Currently involved in organizing the first Agile Unconference in Denmark (Agile Coach Camp Denmark) I regularly get the question: ”What’s an Unconference?”.
When I first attended a conference on Agile back in 2003 (XP/Agile Universe in New Orleans), I was excited about the scheduled talks and mainly used the breaks to fill my depots. I was an Agile newbie, and the sessions at the conference was a great way to be introduced to the principles and practices of Agile. As I got more experienced in practicing Agile, I found the scheduled talks less and less giving and often found more inspiration and value in talking to other participants during breakfast, breaks, lunch or over dinner.
I think a lot of people have had the same experience. Recognizing this is one of the reasons why today’s conferences on Agile have an Open Space track where the participants make up the agenda as they go along. But why is it that many attendances at conferences find these Open Space sessions more inspirational than the traditional talks?
A standard speaker/audience talk can explain the basic rules of the game. But knowing the rules doesn’t necessarily mean that you can play the game. Successful implementation of Agile is about people, and context and since the rules are not rocket science you will quickly go from learning the rules to start thinking about how to apply them in your environment. During standard talks, there is no room for asking questions like “I have a guy on my team who … and he is not …”. In Open Space sessions or hallway discussions, you are much more likely to find the help/inspiration you need to solve the issue.
Secondly, the quality of a traditional talk is dependent on only one (or very few) people, namely the person on stage. If the speaker is nervous, ill-prepared, bad at communicating his ideas, has a bad day or is just not as experienced as expected, then the audience will not get the expected benefit from the talk. I think there is a good chance that there will often (if not always) be one or more people in the audience who has more experience with the topic discussed than the people selected to be on stage. Unfortunately, the traditional conference format does not support these variations. Even worse they are often not also identifies and you, therefore, don´t know who to track down in the hallways or over lunch. Sure there is a Q&A session at the end of most talks, but by then most people are eager to have a break, find a restroom before the next session or the speaker is running out of time.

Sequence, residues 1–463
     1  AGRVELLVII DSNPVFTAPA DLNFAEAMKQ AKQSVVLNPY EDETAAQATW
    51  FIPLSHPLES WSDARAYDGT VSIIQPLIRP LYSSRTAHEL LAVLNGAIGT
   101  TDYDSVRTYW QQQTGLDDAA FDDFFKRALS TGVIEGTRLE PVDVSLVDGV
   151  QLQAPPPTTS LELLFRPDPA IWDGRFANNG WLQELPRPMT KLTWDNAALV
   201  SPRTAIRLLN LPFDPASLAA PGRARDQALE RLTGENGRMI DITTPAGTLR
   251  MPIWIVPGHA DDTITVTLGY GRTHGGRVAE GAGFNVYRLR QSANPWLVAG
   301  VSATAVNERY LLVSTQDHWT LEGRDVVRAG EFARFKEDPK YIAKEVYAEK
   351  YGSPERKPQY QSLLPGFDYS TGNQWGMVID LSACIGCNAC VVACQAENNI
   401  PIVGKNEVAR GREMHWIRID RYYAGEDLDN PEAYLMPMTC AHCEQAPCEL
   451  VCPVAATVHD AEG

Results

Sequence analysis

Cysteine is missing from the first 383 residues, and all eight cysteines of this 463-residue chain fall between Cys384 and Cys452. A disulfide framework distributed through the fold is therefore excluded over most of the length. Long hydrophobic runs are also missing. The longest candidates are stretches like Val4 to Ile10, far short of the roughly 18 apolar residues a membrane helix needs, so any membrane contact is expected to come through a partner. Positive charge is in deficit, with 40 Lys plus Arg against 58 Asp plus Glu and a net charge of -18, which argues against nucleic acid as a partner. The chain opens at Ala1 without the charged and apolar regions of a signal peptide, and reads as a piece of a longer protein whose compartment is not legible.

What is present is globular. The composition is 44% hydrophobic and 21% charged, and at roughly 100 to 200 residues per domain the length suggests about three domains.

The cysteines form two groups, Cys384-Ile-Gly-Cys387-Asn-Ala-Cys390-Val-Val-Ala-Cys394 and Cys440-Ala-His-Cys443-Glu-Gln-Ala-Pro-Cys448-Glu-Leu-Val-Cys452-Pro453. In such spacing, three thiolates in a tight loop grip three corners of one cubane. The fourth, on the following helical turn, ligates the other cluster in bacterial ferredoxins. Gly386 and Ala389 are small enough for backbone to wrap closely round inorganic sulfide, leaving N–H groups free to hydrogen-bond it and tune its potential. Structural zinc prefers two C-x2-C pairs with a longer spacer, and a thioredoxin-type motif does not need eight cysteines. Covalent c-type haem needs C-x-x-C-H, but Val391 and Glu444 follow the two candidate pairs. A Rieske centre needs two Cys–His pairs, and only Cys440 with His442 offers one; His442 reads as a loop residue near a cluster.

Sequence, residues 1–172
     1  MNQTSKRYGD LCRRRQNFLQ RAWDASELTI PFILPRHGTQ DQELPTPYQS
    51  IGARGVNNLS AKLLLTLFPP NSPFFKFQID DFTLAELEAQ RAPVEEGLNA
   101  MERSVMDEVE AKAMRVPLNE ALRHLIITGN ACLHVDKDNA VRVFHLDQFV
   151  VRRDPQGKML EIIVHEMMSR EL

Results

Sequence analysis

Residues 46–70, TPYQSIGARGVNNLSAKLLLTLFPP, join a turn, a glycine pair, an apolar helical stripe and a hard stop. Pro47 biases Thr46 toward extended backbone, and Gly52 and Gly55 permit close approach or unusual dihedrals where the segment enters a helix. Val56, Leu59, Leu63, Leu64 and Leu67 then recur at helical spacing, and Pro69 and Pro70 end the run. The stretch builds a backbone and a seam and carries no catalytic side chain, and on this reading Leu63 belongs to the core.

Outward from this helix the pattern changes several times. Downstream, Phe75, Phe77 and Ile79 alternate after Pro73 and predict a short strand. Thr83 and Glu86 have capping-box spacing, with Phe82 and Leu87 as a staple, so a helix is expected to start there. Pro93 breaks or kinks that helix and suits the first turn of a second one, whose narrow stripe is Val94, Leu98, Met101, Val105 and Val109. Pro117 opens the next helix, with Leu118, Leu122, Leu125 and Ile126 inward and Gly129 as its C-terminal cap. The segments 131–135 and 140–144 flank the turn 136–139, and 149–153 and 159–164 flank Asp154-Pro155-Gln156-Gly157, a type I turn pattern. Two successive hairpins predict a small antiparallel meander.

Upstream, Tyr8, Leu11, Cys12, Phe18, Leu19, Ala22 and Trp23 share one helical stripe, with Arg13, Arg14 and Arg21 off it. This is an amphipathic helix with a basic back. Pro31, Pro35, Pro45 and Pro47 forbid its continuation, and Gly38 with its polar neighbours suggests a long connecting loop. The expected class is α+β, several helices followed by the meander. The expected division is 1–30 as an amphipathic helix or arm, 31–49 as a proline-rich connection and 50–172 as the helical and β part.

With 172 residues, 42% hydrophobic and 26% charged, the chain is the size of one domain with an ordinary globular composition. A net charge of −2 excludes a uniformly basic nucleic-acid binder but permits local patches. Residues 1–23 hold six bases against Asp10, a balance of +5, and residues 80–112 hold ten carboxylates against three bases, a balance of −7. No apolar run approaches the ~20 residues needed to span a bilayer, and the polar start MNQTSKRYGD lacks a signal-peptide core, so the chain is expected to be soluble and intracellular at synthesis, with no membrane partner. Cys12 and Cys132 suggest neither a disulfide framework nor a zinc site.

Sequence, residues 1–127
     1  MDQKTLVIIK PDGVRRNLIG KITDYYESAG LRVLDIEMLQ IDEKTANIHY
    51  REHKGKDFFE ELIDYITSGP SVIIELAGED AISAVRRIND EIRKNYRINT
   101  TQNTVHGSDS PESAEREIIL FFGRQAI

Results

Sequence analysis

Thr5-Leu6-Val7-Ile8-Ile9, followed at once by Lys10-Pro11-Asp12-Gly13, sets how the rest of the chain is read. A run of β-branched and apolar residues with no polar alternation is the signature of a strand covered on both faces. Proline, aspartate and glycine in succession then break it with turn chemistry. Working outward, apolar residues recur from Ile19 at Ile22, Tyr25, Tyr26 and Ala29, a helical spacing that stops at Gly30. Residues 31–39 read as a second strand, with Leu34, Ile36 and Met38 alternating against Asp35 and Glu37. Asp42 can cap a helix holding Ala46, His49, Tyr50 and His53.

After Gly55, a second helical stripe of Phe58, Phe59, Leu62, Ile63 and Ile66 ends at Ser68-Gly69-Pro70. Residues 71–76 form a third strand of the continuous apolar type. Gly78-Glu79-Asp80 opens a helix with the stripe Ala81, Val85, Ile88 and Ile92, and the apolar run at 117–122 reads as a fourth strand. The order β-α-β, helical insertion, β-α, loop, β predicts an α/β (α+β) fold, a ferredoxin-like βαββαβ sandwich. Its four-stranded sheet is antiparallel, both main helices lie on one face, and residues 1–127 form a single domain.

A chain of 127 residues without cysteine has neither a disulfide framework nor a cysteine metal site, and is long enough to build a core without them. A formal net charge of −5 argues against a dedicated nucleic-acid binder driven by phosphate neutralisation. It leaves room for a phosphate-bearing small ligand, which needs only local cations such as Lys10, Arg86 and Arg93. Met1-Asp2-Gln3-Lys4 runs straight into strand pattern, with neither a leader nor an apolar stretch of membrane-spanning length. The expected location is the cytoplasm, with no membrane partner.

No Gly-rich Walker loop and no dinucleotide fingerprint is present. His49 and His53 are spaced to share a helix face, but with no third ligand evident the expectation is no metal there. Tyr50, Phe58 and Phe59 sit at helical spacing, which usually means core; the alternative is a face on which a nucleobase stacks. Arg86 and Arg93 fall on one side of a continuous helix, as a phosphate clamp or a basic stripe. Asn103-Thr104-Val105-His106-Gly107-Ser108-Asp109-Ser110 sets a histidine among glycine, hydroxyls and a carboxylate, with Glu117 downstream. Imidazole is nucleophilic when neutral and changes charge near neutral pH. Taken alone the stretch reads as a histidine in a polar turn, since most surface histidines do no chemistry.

An unconference organizes the hallway and lunch discussions by promoting the audience to participants. There are no “bosses” on stage dictating the direction of the conference with their PowerPoint remote control. There are no keynotes or traditional talks. Every participant is equal and is encouraged (and expected) to share their experience and ideas, be prepared to have their idea challenges and to challenge and learn from others experience.
Unconferences are often conducted using some different facilitation styles including Fishbowl, Lightning Talks, Knowledge Café, Open Space and Dotmocracy. The basic idea is that the participants make up the agenda together and in collaboration decide how much time and effort to spend on the different topics. Unconferences apply some of the basic Agile principles to organize the discussions. The participants collaborate on creating a backlog of issues on arrival or shortly before, regularly prioritize what topic has the highest value, time box each session and so forth.
For more information on the Agile Coach Camp Denmark to be held in late October 2012 in Copenhagen please check back regularly at www.agilecoachcamp.dk or follow the #ACCDK keyword on Twitter. We will post more details as they are available and registration will open up in late July.
I Hope to see you at ACCDK.